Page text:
It’s been 20 years since we started working on our first EU-funded project.
Some of them were the fruit of our own ideas, others were on topics we had no idea about, a few dealt with issues close to our hearts, and others allowed us to see wonderful places around Europe and meet incredible people.
Whatever the reason, there have been projects which went beyond mere implementation and reporting. Gabriella could get her teeth into one of her passions: e-learning; Gabor could make a real difference, still visible today, to the land where he grew up; Krisztina could bring her connection with startups and SMEs to the next level, and Ömer pushed the call to the its limits and surprised the evaluators with a project focusing on environmental terrorism.
With over 300 proposals and winning projects, let’s see which ones our senior project managers and expert trainers still remember dearly.
OLAREX: Open Learning Approach with Remote Experiments Project
Coordinated by the University of Deusto in Spain, Olarex was an ICT-based educational project. Through Olarex, Gabriella managed to satisfy one of her passions: education. The project mainly targeted teachers, as it was them who had to use the e-learning tool (the main results of Olarex) to teach kids.
There seems to be nothing but good memories: partners were great, excellent coordination, beautiful locations for project meetings, and direct feedback from the end-user and the cooperation with Hungarian school was key to make OLAREX extremely valuable.
SECURENV: Assessment of environmental accidents from a security perspective
When asking Ömer about his favourite project, there is no doubt. It doesn't matter if he only worked on it at the proposal stage, it´s tangible how fondly he remembers it.
Led by Geonardo and funded under the FP7 Security work programme, SECURENV was an out-of-the-box project which focused on environmental terrorism. Differently to the other winning projects under the same call, SECURENV's main focus was the environment, and how it could be manipulated to create terror attacks such as poisoning water or creating forest fires. It must have been this unconventional approach which caught more than one reviewer’s attention.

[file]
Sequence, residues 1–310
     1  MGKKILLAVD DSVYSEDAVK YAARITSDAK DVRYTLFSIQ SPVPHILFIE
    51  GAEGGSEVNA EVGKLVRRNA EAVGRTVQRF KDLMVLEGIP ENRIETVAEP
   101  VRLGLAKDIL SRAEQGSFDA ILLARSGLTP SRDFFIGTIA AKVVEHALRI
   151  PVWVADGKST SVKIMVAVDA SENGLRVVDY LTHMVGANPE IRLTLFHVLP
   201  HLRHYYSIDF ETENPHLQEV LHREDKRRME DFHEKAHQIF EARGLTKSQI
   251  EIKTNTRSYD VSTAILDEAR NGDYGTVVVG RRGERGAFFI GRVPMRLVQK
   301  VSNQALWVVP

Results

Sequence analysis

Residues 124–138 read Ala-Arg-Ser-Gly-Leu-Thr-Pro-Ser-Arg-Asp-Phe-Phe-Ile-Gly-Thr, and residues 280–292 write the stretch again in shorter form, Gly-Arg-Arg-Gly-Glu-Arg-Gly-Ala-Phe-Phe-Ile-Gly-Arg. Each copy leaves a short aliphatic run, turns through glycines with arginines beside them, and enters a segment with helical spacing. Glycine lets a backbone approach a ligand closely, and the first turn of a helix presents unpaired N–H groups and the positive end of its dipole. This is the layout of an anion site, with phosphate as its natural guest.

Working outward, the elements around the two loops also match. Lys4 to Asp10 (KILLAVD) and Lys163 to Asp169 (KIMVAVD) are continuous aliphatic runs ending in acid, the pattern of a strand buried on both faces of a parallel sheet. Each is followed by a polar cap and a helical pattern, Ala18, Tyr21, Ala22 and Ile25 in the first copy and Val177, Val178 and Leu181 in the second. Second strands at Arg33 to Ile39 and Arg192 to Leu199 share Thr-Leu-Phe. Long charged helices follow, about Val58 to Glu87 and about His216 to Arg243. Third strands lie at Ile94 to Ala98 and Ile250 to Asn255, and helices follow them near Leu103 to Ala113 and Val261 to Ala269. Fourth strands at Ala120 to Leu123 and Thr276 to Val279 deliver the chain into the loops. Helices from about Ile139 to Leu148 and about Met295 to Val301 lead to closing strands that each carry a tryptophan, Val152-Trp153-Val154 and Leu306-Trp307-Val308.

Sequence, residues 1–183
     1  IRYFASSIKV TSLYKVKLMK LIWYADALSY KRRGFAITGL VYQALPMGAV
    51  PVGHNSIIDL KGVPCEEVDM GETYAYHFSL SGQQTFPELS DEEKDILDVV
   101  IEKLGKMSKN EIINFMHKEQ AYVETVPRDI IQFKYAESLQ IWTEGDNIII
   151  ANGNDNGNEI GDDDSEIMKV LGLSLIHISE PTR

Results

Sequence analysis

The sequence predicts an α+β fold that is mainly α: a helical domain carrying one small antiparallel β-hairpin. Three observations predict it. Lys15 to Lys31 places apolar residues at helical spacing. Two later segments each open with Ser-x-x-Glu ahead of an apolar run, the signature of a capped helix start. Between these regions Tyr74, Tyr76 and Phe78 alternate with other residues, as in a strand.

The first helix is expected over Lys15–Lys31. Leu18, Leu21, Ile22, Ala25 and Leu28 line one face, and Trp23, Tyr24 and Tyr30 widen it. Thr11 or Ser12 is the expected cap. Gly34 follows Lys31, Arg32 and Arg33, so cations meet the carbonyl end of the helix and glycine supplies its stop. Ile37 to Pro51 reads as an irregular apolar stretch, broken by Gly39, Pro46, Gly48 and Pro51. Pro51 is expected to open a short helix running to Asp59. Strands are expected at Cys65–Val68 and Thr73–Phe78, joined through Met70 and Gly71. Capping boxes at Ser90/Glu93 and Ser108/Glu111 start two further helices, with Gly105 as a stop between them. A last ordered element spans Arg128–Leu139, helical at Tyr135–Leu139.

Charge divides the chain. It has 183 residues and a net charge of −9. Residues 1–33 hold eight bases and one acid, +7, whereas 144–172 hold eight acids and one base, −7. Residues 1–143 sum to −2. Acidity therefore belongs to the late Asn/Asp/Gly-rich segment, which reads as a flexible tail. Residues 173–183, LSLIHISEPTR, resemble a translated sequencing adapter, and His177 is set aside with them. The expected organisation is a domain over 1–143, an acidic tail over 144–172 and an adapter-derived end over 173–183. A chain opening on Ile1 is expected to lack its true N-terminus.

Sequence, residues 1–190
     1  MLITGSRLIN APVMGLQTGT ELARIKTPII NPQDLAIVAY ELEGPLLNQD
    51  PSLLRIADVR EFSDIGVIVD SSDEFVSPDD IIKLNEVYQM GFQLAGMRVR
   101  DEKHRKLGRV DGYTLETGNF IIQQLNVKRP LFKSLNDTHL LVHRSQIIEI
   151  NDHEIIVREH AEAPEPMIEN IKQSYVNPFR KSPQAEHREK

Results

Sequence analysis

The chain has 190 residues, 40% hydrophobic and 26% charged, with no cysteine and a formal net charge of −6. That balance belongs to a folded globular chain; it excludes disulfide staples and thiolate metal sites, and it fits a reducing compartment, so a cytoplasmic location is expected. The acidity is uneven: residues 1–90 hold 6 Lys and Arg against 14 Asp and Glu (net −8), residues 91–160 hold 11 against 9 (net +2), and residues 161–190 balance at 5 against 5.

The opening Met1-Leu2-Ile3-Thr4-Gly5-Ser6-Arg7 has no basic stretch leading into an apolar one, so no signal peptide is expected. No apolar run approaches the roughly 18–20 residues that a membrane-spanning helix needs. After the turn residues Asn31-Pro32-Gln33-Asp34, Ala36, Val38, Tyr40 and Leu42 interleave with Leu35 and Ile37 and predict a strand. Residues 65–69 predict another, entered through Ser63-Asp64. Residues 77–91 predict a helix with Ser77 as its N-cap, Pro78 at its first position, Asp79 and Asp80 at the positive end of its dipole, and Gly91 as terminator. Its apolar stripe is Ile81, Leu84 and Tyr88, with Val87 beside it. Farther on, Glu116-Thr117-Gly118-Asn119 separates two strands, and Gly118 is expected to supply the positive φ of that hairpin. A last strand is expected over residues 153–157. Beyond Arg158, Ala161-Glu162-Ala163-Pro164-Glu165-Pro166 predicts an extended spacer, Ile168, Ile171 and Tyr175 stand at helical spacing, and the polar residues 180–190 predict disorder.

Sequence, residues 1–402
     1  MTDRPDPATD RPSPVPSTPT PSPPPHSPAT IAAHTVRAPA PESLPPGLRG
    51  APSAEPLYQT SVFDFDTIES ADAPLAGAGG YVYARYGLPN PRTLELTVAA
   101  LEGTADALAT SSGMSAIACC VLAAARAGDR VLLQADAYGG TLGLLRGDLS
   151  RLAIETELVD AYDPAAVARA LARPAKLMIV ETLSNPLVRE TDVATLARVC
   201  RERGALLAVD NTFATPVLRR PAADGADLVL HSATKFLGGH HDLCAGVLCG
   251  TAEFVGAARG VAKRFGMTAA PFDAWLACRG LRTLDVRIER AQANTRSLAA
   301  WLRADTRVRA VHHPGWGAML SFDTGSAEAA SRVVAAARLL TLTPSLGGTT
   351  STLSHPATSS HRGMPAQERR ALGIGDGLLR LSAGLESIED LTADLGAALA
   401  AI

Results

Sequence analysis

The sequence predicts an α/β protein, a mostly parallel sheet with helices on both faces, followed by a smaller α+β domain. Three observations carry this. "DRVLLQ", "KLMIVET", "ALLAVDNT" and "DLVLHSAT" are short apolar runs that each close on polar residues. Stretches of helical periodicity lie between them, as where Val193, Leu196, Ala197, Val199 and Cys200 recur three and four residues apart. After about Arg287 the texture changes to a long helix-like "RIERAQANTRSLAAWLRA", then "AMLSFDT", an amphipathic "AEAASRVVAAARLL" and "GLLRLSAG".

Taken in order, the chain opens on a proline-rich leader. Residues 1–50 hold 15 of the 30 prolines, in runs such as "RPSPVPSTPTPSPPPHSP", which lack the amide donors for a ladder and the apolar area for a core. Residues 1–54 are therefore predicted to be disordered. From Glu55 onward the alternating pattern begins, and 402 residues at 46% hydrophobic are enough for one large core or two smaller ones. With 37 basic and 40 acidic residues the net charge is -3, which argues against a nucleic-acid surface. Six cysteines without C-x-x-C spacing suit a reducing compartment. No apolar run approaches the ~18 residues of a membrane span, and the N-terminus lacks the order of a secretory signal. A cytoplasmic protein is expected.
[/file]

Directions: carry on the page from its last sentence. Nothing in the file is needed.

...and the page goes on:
The project, run by only three partners (i.e. the Swedish Defence Research Agency (FOI), Adelphi, a German think-tank and research organisation, and Geonardo) was incredibly sensitive. Some deliverables were classified and those who worked on the project had to get a security clearance from the national security authorities.
MY-GATEWAY: Boosting the growth potential of CEE start-ups on a pan-Europen level by creating new opportunities, synergies and opening the GATE of Startup Europe to the Balkans
Passionate about startups and SMEs, Krisztina could help strengthen the startup ecosystems in Central and Eastern Europe through MY-GATEWAY. But for her, as well as the project’s mission, another factor plays an important role: since she started working at Europa Media, MY-GATEWAY was the first project which she coordinated from proposal stage to the last report, and this really adds sentimental value to the project.
Consortium and proposal were put together in only two months, far from the recommended three-four months. But thanks to a combination of strong partners, great ideas and hard-working team, everything worked out smoothly. MY-GATEWAY may have ended, but it brought to life one initiative, the Startup Europe Networks, which aims to bring together all the startup ecosystems from the CEE, to the Western Balkans and beyond, and one unique startup event: Untold Stories, this year happening on 10-11 November if you’re interested to join online!
For Gabor there is no doubt: thanks to a LIFE III project, he had the possibility to help the Hungarian region where he grew up. Between 2004 and 2007, Gabor helped restore the Danube wetland which suffered some severe issues during the 90s.
That particular region was the last continental wetland in Europe, and towards the end of the 20th century, Hungary and Czechoslovakia (yes, still Czechoslovakia at that time) had agreed to build a power plant. Hungary backed up from this agreement, but the Czechoslovakians carried on with the project no matter what.
They diverted the Danube before it entered Hungary, so in a matter of a day, the river completely dried out causing the extinction of all the species which occupied that area, from birds to fish. Where before you could see a flourishing river, it was soon replaced by a desert.
The case was taken to court, but apparently both parties were right: Hungary had no right to cancel the agreement, and Czechoslovakia had no right to divert the Danube. To fix the situation, they agreed to redistribute some water to where it originally was, but it still wasn't enough to bring back and maintain the original ecosystem.
And that’s when Gabor’s Szigetköz project played a key role in the restoration of such a damaged area. The Szigetköz projekt developed an innovative water management system which could provide water supply to those areas which were still dried out, and the amazing thing about it, is that this is still visible today.
The area was completely restored, the fauna started repopulating this area, and all of this was the fruit of a great strategic collaboration with the Czechoslovakians, despite the strong political tensions.
Fun fact: If you happen to go to the dam, you can see Gabor’s palm printed on the cement!